Courier Work Through The Centuries: 4 Delivery Methods

Courier work has not always been the streamlined marvel it is today: take a look back at the ancient roots of the job.

In a world of next-day deliveries, precise to-the-hour delivery slots and live parcel tracking, it’s hard to imagine courier workin some of its more rustic forms. But before we had the help of modern technology and transport, humans had many ingenious means of getting a package from A to B. Here, we take a look back at the roots of courier workas we know it: four historical parcel carriers that will make you grateful for our modern-day delivery driver fleets.


An age-old method of message delivery, people have been delivering on foot since 2,400 BC, when human go-betweens were used in Ancient Egypt to take messages to neighbouring rulers. The word “courier” comes from the Latin “curre”, meaning “to run”. Even our modern marathon was based on the legendary 26-mile delivery job Philippides ran back in 490 BC, when he delivered a message to Athens about the Greeks’ victory over the Persians. It’s no surprise then, that customers still enjoy the personal touch of a hand delivery, even if nowadays the courier has had some help of the four-wheeled variety. 


These days, we expect to make international deliveries in a matter of days or hours. However, there was once a simpler time when these journeys had to be carried out on horseback. Although now a seemingly arduous means of transport, the advent of horseback deliveries was an exciting time for the early logistics business, as it opened up the unlikely possibility of long-distance deliveries.

In 1860s America, equine courier worktook the form of the famous Pony Express, a 2000-mile relay running almost the entire width of the country. Journeys were completed in an impressive ten days: a snail’s pace by modern standards, but revolutionary at the time. So the next time your package is stuck at customs, just be thankful that you’re not relying on a pony to cross the Sierra Nevada Mountains.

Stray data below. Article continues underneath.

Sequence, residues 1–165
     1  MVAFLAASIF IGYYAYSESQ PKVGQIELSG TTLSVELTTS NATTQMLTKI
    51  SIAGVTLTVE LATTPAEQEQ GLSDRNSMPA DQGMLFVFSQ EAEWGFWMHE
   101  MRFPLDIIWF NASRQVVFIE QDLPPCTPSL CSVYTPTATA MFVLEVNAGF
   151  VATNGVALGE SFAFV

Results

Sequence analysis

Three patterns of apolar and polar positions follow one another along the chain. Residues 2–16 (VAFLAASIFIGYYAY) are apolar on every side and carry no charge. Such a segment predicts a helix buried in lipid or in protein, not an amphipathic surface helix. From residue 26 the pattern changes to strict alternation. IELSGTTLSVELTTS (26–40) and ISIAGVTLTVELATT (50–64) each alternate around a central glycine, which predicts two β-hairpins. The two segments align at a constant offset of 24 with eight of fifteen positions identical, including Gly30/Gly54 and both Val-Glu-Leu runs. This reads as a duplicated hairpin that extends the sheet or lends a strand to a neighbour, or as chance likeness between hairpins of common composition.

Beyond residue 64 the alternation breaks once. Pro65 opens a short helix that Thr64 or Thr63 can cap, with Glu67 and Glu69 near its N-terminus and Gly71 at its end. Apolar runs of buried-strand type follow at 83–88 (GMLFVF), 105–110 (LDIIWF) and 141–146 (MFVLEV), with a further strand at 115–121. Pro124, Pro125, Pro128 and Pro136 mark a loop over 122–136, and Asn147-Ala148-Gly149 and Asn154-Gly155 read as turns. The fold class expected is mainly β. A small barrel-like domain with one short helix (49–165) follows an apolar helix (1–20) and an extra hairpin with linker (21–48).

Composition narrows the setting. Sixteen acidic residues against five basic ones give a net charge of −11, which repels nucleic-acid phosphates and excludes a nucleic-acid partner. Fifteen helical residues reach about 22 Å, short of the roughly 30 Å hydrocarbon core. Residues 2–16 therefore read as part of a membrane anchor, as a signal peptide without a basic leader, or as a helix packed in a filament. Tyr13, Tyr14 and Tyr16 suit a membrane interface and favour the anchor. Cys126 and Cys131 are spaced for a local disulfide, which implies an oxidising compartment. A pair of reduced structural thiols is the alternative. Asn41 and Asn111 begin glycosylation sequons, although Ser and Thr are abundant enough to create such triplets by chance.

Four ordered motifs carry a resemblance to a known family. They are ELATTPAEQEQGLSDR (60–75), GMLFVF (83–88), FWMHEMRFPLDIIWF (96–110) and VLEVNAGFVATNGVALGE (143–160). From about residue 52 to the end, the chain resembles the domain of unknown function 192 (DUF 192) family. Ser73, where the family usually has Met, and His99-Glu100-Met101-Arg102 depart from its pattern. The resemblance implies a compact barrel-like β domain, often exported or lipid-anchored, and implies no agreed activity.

We are lucky to live in a world where we can rely on delivery services to get goods to us on time and in great condition. Aside from the odd package left under a hedge in the rain, most deliveries get to where they need to be in pretty good shape. The same cannot be said when your package is arriving on the back of a camel. These tenacious animals were to the Australian outback as the Pony Express was to the American West: a vital means of carrying out early courier work before the beginnings of modern infrastructure.


Of course, this list would not be complete without mentioning the humble homing pigeon: arguably the longest serving animal in the business, having gained awards for their services to message-sending as recently as World War II. Although incapable of some of the more heavy-duty courier work, they cannot be overlooked, with 32 pigeons awarded the Dickin Medal for animals showing devotion to duty in the war.

Although many of these means of transport seem decidedly passé from a modern-day perspective, don’t be too quick to dismiss the impact that they had on present-day logistics. That GPS system that you use to keep track of your couriers’ whereabouts is only a sophisticated impersonation of a homing pigeon’s natural instinct, and a camel might seem like a smart option when the delivery truck breaks down in the desert.

Author Plate

Norman Dulwich is a correspondent for Courier Exchange, the world's largest neutral trading hub for same day courier work in the express freight exchange industry. Over 5,000 member companies are networked together through the Exchange to fill empty capacity, get new clients and form long-lasting business relationships.

License: You have permission to republish this article in any format, even commerically, but you must keep all links intact. Attribution required. Republishing formats.


Most Read

Using this website means you accept our Terms and Privacy Policy. Content published by users is licensed under their selected license.

Please be vigilant when exploring external websites linked from the articles/ads/profiles on this website.

© otherarticles™ 2017 | Site images and design © to Otherarticles (OA).